Edible Holiday Gifts

gingerbread cookies
candied yuzu
nibby buckwheat butter cookies

I love my friends and family dearly, but braving crowded shops to hunt for gifts for them is pretty low on my list of desires this time of year. What I love to do instead is hunker down in the kitchen to stir hot, bubbling caramel on the stove, roll out gingerbread guys and gals, mix and bake cookies, and then wrap it all up to give as gifts. There is joy in the making and joy in the giving of homemade holiday treats, which is a lot more than I can say about a trip to the mall.

I send some of my treats across the country to my family and a lot of it goes to work with P, but I love having little bags of treats all packed up and ready to go for when an unexpected visitor pops by or I meet a friend for coffee around the holidays. It's a simple, inexpensive way to show people that I am thinking about them during this season that seems to get more and more hectic every year.

You can see a few of my favorite ways to pack treats for the holidays in these photos. I like to keep it really simple and gravitate towards unbleached parchment paper, Weck jars, glassine bags, natural twine (from the hardware store), little bits of nature, and baker's twine to wrap my treats. I've owned the spool of baker's twine pictured in these for 5 years and it never seems to get any smaller.

Edible Holiday Gift Recipes

You can find my favorite Gingerbread Cookie Recipe (for ornaments and eating) in the new holiday issue of Foodiecrush Magazine, out today!

Apple Cider Caramels, pictured in the top photo are straight from Deb at Smitten Kitchen, but I cooked mine to 250º instead of 252º which the recipe suggests because I wanted them to be a bit soft. Oh, and make a double batch. You won't regret it.

Nibby Brownies (a family favorite)

Squash Harvest Loaf

Spicy Caramel Cashew Corn

Apple Butter

And a few more from the photos

Nibby Buckwheat Butter Cookies

adapted from Alice Medrich

yield 48-55 cookies

These aren't really a classic holiday cookie, but it has become my own tradition to make them every December. The unusual combination of buckwheat and cacao nibs makes them special enough for gift giving.

1 ¼ cups (5.6 ounces) all-purpose flour

3/4 cup (3 ounces) buckwheat flour

½ lb unsalted butter, softened

2/3 cup granulated sugar

1/2 tsp. salt

1/3 cup cacao nibs

2 teaspoons vanilla extract

1. In a medium bowl, whisk together the flours.

2. In a stand mixer, beat the butter, sugar and salt until smooth and creamy but not fluffy, about 1 minute. Add in the cacao nibs and vanilla, and beat to incorporate. Add the flours and beat on low speed until just incorporated. The mixture will seem very dry, but the dough will eventually come together. The dough is very thick so sometimes I use my hands for the last bit of mixing so my mixer doesn't have to work so hard

3. Form the dough into a long (about 12'')  log about 2 inches in diameter. Wrap well and refrigerate at least two hours, or overnight.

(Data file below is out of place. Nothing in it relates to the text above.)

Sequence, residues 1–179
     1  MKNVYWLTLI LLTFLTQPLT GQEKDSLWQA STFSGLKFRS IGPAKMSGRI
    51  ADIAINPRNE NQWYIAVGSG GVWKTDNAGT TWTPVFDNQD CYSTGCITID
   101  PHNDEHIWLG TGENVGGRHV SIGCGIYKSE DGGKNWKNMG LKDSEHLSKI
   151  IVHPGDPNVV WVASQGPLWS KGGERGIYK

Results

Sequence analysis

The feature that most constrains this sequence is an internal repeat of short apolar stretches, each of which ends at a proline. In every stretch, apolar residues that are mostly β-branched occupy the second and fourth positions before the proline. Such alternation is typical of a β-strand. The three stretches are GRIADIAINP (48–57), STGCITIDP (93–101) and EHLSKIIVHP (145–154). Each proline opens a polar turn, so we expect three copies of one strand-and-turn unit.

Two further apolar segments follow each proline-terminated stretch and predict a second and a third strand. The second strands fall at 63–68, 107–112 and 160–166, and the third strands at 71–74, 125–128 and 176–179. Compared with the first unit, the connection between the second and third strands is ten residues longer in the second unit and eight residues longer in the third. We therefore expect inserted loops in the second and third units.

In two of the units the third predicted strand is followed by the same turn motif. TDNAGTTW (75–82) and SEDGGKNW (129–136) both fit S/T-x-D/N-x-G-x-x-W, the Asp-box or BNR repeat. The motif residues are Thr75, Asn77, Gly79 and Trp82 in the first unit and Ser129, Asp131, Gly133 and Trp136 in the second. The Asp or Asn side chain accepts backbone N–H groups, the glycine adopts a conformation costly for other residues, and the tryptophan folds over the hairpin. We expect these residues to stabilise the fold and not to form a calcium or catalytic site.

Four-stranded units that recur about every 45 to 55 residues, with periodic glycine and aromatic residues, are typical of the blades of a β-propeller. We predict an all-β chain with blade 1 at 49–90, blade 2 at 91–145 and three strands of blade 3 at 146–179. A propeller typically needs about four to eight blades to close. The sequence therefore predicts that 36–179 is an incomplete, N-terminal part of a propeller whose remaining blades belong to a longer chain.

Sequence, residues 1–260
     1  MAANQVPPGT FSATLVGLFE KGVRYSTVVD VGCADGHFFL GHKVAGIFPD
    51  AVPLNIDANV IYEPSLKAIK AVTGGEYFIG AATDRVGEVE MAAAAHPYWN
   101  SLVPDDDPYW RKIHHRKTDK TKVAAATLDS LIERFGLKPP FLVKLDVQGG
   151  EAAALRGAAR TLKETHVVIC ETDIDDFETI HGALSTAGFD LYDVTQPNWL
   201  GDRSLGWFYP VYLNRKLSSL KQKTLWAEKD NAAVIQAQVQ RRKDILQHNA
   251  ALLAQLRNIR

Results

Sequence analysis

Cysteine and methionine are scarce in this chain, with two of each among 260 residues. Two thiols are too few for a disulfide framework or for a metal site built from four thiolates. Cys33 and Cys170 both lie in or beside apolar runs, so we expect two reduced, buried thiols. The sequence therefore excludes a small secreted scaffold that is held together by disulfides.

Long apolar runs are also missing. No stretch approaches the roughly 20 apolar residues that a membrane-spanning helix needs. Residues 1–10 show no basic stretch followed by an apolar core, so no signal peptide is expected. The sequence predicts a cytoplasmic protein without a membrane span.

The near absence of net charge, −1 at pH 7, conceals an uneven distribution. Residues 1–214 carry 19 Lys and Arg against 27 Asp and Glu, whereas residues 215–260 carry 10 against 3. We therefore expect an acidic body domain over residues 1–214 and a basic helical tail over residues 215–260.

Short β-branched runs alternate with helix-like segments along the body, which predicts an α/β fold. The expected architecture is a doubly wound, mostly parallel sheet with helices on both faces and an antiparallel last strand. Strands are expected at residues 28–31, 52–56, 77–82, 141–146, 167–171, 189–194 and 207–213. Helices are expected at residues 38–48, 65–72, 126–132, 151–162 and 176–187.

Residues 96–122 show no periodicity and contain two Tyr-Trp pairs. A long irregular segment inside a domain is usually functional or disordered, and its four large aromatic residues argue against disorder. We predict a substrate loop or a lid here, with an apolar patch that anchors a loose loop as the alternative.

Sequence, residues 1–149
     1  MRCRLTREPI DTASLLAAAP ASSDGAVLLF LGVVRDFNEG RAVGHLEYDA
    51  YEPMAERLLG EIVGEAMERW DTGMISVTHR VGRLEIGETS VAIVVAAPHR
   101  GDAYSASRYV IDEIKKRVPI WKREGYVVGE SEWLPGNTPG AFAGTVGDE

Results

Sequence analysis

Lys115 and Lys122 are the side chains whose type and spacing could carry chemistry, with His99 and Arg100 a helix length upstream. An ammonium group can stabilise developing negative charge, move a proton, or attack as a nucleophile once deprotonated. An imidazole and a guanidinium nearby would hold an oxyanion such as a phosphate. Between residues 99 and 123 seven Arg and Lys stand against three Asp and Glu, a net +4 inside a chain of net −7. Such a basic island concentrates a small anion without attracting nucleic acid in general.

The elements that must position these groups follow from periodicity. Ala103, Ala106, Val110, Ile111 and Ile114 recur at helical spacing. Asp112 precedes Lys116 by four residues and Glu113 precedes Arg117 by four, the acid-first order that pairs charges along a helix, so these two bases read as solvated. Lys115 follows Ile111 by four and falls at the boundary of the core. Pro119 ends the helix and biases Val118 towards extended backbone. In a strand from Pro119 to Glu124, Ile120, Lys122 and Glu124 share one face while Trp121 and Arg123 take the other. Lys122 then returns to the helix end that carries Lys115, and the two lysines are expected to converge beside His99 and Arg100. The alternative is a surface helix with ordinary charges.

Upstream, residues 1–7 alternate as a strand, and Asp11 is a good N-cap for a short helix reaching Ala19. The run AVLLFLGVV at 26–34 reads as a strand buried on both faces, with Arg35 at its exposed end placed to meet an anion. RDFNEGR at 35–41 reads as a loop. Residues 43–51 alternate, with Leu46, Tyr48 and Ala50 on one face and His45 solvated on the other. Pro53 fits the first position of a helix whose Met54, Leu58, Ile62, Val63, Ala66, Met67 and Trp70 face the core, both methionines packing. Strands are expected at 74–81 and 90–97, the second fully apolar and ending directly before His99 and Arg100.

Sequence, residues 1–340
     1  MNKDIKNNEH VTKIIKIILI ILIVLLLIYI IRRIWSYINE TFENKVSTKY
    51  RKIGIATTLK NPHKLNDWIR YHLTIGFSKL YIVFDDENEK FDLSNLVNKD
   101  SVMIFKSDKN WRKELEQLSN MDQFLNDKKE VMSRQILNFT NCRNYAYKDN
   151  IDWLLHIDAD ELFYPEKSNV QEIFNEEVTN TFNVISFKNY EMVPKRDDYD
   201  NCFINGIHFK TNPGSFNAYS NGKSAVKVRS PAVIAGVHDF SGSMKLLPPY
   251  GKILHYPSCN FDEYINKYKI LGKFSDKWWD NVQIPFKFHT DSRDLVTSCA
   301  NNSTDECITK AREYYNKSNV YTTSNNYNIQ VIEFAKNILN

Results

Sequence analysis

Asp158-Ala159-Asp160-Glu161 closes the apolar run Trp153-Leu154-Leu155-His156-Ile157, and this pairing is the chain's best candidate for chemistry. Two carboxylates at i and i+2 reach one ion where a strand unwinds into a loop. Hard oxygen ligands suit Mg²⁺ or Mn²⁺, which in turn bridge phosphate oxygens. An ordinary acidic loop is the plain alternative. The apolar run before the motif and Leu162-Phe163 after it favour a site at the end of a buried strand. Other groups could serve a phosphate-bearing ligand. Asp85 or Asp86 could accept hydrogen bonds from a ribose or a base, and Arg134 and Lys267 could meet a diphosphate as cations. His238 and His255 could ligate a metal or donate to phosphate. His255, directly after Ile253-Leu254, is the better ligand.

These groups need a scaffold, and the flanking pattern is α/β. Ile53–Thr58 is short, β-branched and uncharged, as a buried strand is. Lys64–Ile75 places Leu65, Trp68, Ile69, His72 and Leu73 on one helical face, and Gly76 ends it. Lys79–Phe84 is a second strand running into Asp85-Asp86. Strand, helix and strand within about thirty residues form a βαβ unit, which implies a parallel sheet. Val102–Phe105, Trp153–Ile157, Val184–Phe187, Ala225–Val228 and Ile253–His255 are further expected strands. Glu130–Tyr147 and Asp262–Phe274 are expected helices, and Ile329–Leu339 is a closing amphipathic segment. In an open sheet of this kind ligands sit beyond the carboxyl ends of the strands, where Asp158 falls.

4. Position racks in the upper and lower thirds of the oven, and preheat to 350 degrees Fahrenheit. Line two baking sheets with parchment paper or silicone liners.

5. Using a thin, sharp knife, carefully cut the dough into ¼-inch-thick slices. Place slices on the prepared baking sheets, spacing each cookie about 1 ½ inches apart.

6. Bake until cookies just begin to color around the edges, about 12 to 14 minutes, rotating the sheet pans halfway through the cooking time. Transfer to wire racks, and cool the cookies on the baking sheets (or slide the parchment onto the rack to free up the pans). Cool completely before eating or storing. Repeat with remaining dough. Store the cookies in an airtight container for up to 1 month. They also freeze really well.

Candied Citrus Peel

This method works for most citrus fruit and is simple as can be. I used yuzu peels above, but oranges, grapefruit, lemons or meyer lemons would work as well.

Citrus Fruit (4 oranges, 6 lemons, or 3 grapefruit)

4 cups water

4 cups plus 1/2 cup sugar

1. Using a paring knife, make 6 slits along curve from top to bottom of each citrus fruit, cutting through peel but not into fruit. Using your fingers, gently remove peel. Slice each piece of peel lengthwise into 1/4-inch-wide strips. Using a paring knife, remove excess white pith from each strip and discard.

2. Place strips in a large saucepan, and cover with cold water. Bring to a boil, then drain

3. Bring 4 cups sugar and 4 cups water to a boil, stirring occasionally until sugar dissolves. Add the boiled of citruspeel to the boiling syrup, then reduce heat to medium-low, and simmer gently until strips are translucent, about 20-40 minutes. Remove from heat, and let strips cool in syrup. Reserve the syrup for another use (cocktails).

4. Using a slotted spoon, transfer strips to a wire rack placed on a rimmed baking sheet. Let the strips dry for a few hours then roll strips remaining sugar. Arrange in a single layer on a wire rack, and let dry for at least 8 hours.